All In Good Time

All In Good Time

Atul and Vina are celebrating their marriage. However, a honeymoon spent with his parents was not part of their plans. Thoughtless patriarch Eeshwar seems determined to emasculate and embarrass his son. As the weeks pass, consummating their union becomes an impossibility that threatens the couples entire future. 2.6 out of 5 based on 13 reviews
All In Good Time

Omniscore:

Certificate
Genre Drama
Director Nigel Cole
Cast Reece Ritchie, Meera Syal, Harish Patel, Arsher Ali, Amara Karan
Studio Studio Canal
Release Date May 2012
Running Time
 

Atul and Vina are celebrating their marriage. However, a honeymoon spent with his parents was not part of their plans. Thoughtless patriarch Eeshwar seems determined to emasculate and embarrass his son. As the weeks pass, consummating their union becomes an impossibility that threatens the couples entire future.

Reviews

The Guardian

Anna Smith

While Ritchie and Karan offer up charming performances, their characters could use more depth: the romantic complications feel sudden without much psychological insight.

10/05/2012

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The Observer

Philip French

we realise that we've entered, if only briefly, the world of Tennessee Williams. Failed marriages and the inability to consummate are major elements of Period of Adjustment, A Streetcar Named Desire and especially Cat on a Hot Tin Roof, which has a striking resemblance to All in Good Time.

13/05/2012

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Total Film

Kate Stables

Its stagey mix of East Is East-style father/ son conflict and bouncy bedroom farce is endearing, though a tad stereotyped.

04/05/2012

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Empire Magazine

Olly Richards

Performances are appealing, particularly from Harish Patel as the overbearing but lonely father, but its central premise is rather a theatrical conceit. While it’s just about understandable that a young man might be so consumed by strained family relationships that he can’t concentrate on his wife in bed, it’s a push to believe that a few days without conjugals would lead a previously adoring couple to consider separation.

08/05/2012

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The Daily Mail

Chris Tookey

Sadly, the comic observation of Asian Britain is nowhere near as funny or gripping as in East Is East, and the plot feels too thin to sustain a feature film. The ending is especially rushed and unconvincing. Writer and director needed to dig deeper into the characters and explore the wider social implications.

11/05/2012

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The Daily Telegraph

David Gritten

Follows the tradition of plain, old-fashioned, knowingly warm-hearted British films that appeal to our sense of community and stir our feelings for little people. The Full Monty, East is East, Calendar Girls and Made in Dagenham all achieved their success through juxtapositions: of comedy and drama, tears and laughter, setbacks and eventual triumph.

11/05/2012

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Time Out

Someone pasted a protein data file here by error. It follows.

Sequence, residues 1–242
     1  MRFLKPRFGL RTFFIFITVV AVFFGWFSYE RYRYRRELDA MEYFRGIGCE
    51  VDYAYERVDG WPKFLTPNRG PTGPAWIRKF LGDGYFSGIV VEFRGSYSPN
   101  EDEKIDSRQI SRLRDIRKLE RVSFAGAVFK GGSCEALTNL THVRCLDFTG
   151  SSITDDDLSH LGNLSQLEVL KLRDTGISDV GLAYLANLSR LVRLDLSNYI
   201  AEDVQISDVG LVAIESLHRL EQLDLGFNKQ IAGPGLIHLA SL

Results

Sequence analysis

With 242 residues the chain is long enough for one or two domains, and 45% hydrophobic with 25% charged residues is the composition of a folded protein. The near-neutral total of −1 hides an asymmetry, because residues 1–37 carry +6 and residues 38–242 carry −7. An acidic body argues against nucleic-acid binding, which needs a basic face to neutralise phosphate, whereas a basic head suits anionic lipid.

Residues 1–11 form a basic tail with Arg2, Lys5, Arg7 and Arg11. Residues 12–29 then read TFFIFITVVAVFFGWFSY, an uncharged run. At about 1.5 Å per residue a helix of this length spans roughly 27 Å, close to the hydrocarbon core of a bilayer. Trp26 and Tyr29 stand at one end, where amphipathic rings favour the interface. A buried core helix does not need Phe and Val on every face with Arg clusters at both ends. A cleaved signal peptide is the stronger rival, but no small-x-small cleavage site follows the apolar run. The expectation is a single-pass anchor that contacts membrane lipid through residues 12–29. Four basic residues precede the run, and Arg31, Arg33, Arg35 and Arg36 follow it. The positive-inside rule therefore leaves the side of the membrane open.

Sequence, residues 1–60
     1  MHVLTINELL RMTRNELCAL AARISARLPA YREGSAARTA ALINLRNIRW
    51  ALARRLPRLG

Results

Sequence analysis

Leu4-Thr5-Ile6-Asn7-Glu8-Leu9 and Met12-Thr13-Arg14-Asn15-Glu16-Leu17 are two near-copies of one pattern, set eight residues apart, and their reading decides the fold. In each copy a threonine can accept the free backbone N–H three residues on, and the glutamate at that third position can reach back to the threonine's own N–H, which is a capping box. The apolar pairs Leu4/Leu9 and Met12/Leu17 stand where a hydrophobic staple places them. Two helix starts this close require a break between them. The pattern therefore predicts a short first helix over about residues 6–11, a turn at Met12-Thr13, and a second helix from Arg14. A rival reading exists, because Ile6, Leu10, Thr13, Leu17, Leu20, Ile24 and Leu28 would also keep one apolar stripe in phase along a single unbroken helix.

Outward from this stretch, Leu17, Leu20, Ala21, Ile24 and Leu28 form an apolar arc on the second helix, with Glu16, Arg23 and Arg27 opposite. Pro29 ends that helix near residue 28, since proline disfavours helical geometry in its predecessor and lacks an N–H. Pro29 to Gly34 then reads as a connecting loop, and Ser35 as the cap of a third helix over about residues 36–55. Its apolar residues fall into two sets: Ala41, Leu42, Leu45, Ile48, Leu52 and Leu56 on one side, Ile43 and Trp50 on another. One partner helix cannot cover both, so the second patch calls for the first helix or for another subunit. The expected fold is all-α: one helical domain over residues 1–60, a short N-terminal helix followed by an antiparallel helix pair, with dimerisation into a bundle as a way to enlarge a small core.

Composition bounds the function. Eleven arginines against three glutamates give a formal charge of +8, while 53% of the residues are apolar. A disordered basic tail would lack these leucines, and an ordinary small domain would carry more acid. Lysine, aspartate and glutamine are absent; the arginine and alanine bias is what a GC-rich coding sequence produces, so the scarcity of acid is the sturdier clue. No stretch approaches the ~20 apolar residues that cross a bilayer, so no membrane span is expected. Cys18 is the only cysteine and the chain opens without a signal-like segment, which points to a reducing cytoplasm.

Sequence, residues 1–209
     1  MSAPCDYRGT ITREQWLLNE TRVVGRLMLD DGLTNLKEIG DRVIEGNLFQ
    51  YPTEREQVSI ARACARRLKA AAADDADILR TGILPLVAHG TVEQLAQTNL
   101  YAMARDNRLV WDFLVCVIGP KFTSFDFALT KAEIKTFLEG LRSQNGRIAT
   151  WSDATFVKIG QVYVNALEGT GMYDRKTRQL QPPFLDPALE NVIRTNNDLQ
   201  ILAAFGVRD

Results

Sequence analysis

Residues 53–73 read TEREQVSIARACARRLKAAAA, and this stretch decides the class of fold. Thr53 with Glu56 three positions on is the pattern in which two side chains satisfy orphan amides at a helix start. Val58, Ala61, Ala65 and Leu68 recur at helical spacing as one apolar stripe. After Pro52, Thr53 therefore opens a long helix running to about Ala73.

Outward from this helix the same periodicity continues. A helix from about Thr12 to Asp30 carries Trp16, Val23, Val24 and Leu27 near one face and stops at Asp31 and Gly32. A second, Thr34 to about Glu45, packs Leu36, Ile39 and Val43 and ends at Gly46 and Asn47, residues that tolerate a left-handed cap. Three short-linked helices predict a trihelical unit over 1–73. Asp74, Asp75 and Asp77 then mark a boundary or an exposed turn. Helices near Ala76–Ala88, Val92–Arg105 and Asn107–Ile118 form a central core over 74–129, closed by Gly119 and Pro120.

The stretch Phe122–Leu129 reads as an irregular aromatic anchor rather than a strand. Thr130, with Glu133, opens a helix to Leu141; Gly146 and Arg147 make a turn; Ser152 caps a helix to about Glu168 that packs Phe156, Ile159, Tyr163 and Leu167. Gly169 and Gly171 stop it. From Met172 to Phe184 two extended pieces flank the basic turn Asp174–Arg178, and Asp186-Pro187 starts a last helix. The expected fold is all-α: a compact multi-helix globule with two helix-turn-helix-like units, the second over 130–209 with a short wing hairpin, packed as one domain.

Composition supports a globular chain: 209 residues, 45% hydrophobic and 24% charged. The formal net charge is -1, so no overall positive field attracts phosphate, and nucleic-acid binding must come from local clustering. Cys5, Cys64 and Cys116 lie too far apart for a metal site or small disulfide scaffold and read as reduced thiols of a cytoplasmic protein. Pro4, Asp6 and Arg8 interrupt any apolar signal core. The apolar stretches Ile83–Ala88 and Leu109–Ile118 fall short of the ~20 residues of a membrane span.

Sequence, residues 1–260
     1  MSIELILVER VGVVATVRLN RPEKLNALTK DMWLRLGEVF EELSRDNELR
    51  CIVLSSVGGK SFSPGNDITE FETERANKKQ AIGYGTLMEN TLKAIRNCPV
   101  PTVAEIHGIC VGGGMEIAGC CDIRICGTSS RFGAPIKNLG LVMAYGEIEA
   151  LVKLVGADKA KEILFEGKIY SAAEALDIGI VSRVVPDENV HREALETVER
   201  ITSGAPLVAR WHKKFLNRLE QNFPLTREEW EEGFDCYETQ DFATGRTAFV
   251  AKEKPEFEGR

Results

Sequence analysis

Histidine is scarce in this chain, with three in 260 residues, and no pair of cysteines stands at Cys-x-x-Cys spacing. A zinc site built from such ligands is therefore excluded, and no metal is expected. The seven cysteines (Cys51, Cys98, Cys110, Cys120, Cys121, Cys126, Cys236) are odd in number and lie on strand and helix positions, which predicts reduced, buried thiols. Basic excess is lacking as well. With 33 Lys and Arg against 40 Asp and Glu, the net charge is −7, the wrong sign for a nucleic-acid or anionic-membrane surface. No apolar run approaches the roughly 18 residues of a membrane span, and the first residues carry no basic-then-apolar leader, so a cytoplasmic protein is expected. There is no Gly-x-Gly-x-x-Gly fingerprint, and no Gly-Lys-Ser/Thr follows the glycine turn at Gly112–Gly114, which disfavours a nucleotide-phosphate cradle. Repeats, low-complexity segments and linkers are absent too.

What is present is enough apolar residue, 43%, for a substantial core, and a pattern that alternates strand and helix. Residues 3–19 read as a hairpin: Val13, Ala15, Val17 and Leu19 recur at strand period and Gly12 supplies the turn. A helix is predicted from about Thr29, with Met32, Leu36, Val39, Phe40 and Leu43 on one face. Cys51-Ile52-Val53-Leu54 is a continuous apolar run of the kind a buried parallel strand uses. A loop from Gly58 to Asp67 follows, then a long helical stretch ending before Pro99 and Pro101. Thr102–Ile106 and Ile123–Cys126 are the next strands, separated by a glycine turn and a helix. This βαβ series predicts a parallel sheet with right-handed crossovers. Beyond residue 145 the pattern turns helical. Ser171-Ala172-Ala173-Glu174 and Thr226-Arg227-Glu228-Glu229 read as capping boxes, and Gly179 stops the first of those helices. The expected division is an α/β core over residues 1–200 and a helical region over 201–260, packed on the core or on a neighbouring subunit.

Trevor Johnston

Strangely, all [the] problems were evident in Khan-Din’s source material: ‘Alfie’ scribe Bill Naughton’s original 1963 play ‘All in Good Time’ ... A lack of generosity in properly acknowledging Naughton’s contribution is one issue, but couldn’t the material’s second screen incarnation have gone one better with the adaptation? Maybe it’s not a question to concern most viewers, yet, knowing the background, it’s hard not to feel that this could have been a whole lot better.

10/05/2012

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The Times

Kate Muir

The story — posh v working- class parents, nosey neighbours, a couple crushed — never quite escapes its old-fashioned theatrical confines, and raised only a few, weak laughs.

11/05/2012

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Scotland on Sunday

Siobhan Synnot

Crummy, contrived and apparently endless.

06/05/2012

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The Financial Times

Nigel Andrews

The film ... loudly dins at us the new-look immigrant Indianness as if banging a gong. Subtlety was never the strong suit of director Nigel Cole. The cast, largely straight from the stage, project their dialogue as if no one has told them to stop playing to the gallery and start playing to the multiplex.

10/05/2012

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The Independent

Anthony Quinn

Impossible not to be charmed by the opening setpiece – broad Lancashire accents amid the exotic plumage of Indian wedding wear – but thereafter the writing is patchy at best, its antagonisms predictable and its reconciliations way too pat.

11/05/2012

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The Sunday Times

Edward Porter

it’s energetically performed ... but the speed at which the drama escalates is hard to credit when the setting, a terraced house in Bolton, lacks a proscenium arch.

13/05/2012

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The Independent on Sunday

Nicholas Barber

It's [also] an extremely thin idea from which to hang an entire film. Khan-Din and Cole could have bulked it up by developing Ritchie and Karan's personalities, or by surrounding them with a fascinating supporting cast, but every character is two-dimensional, at most, and the dialogue is as flat as a chapati, even though Khan-Din adapted the screenplay from his own hit play, Rafta Rafta. As a result, All In Good Time moves so slowly that the title starts to seem ironic.

13/05/2012

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